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Possible Roles of Plant Sulfurtransferases in Detoxification of Cyanide, Reactive Oxygen Species, Selected Heavy Metals and Arsenate

by Parvin Most 1,2 and Jutta Papenbrock 1,*
Institute of Botany, Leibniz University Hannover, Herrenhäuserstr. 2, Hannover D-30419, Germany
Plant Breeding Division, Bangladesh Agricultural Research Institute, Joydebpur, Gazipur 1701, Bangladesh
Author to whom correspondence should be addressed.
Academic Editors: Noriyuki Nagahara and Maria Wrobel
Molecules 2015, 20(1), 1410-1423;
Received: 10 November 2014 / Accepted: 9 January 2015 / Published: 14 January 2015
(This article belongs to the Special Issue Sulfur Atom: Element for Adaptation to an Oxidative Environment)
Plants and animals have evolved various potential mechanisms to surmount the adverse effects of heavy metal toxicity. Plants possess low molecular weight compounds containing sulfhydryl groups (-SH) that actively react with toxic metals. For instance, glutathione (γ-Glu-Cys-Gly) is a sulfur-containing tripeptide thiol and a substrate of cysteine-rich phytochelatins (γ-Glu-Cys)2–11-Gly (PCs). Phytochelatins react with heavy metal ions by glutathione S-transferase in the cytosol and afterwards they are sequestered into the vacuole for degradation. Furthermore, heavy metals induce reactive oxygen species (ROS), which directly or indirectly influence metabolic processes. Reduced glutathione (GSH) attributes as an antioxidant and participates to control ROS during stress. Maintenance of the GSH/GSSG ratio is important for cellular redox balance, which is crucial for the survival of the plants. In this context, sulfurtransferases (Str), also called rhodaneses, comprise a group of enzymes widely distributed in all phyla, paving the way for the transfer of a sulfur atom from suitable sulfur donors to nucleophilic sulfur acceptors, at least in vitro. The best characterized in vitro reaction is the transfer of a sulfane sulfur atom from thiosulfate to cyanide, leading to the formation of sulfite and thiocyanate. Plants as well as other organisms have multi-protein families (MPF) of Str. Despite the presence of Str activities in many living organisms, their physiological role has not been clarified unambiguously. In mammals, these proteins are involved in the elimination of cyanide released from cyanogenic compounds. However, their ubiquity suggests additional physiological functions. Furthermore, it is speculated that a member of the Str family acts as arsenate reductase (AR) and is involved in arsenate detoxification. In summary, the role of Str in detoxification processes is still not well understood but seems to be a major function in the organism. View Full-Text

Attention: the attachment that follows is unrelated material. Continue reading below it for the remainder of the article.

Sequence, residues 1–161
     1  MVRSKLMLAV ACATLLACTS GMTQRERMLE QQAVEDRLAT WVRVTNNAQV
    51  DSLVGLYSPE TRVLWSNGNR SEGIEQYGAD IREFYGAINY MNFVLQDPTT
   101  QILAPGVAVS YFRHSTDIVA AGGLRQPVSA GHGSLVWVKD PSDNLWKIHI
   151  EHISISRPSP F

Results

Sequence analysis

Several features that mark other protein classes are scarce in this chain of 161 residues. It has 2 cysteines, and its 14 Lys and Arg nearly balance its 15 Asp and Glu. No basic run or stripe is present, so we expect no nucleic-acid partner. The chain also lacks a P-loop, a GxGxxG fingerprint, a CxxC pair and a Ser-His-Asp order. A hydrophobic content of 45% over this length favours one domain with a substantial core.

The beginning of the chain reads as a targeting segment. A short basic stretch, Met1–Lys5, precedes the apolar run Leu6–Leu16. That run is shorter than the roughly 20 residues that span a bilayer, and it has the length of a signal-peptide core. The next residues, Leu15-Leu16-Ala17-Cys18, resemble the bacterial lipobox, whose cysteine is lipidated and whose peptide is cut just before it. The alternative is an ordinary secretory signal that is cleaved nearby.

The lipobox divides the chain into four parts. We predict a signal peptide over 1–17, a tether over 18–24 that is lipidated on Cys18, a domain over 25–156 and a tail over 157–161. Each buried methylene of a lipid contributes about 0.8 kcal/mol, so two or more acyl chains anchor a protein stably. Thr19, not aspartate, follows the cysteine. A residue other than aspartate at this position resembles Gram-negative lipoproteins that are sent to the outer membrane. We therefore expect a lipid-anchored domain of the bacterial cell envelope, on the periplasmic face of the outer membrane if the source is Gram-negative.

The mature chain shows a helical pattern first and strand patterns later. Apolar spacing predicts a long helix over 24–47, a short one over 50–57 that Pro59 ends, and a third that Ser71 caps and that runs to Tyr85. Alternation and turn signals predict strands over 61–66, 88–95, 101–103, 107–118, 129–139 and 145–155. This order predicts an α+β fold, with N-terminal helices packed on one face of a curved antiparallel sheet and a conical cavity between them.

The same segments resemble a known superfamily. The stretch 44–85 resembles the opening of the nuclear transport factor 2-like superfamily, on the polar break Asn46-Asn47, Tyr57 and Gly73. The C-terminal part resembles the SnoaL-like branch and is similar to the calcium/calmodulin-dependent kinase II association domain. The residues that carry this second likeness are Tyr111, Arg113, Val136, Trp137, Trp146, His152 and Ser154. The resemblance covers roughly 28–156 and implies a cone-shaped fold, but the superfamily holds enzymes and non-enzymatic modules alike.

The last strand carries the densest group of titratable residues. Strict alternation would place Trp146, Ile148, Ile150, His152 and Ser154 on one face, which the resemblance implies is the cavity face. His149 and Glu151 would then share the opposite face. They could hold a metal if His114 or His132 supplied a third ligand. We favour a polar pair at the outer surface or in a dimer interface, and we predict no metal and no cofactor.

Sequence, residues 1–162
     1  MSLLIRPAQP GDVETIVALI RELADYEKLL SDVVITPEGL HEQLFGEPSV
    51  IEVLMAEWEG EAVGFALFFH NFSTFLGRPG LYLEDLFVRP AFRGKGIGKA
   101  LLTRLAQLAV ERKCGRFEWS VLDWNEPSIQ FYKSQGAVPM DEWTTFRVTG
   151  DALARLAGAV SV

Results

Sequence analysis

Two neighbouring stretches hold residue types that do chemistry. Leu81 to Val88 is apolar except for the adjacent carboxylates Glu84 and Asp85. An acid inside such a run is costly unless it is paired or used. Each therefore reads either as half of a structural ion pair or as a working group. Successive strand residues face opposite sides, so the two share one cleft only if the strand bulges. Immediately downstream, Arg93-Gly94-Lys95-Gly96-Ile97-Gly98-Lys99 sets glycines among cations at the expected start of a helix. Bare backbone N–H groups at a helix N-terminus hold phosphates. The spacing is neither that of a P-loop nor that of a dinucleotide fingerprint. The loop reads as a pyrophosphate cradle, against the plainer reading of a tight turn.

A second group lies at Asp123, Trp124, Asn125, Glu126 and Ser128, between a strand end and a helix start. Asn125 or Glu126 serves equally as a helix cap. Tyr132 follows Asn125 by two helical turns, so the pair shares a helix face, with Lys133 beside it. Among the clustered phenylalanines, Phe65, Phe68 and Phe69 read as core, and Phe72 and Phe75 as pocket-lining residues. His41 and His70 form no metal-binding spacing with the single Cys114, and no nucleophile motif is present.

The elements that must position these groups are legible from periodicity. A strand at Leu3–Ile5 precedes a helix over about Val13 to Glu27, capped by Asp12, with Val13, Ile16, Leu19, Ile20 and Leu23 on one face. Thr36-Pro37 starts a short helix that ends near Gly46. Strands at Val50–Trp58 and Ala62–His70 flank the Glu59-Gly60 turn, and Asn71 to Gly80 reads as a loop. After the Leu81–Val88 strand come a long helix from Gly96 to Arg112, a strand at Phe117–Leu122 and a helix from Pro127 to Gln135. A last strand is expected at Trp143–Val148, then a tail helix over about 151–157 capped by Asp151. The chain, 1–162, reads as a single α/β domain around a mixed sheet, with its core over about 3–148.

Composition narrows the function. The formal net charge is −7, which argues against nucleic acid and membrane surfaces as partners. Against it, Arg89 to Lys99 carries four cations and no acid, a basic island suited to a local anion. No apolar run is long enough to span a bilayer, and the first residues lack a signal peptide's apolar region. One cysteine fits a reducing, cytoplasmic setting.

Keywords: arsenate; arsenate reductase; cyanide; rhodanese; sulfurtransferase arsenate; arsenate reductase; cyanide; rhodanese; sulfurtransferase
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Most, P.; Papenbrock, J. Possible Roles of Plant Sulfurtransferases in Detoxification of Cyanide, Reactive Oxygen Species, Selected Heavy Metals and Arsenate. Molecules 2015, 20, 1410-1423.

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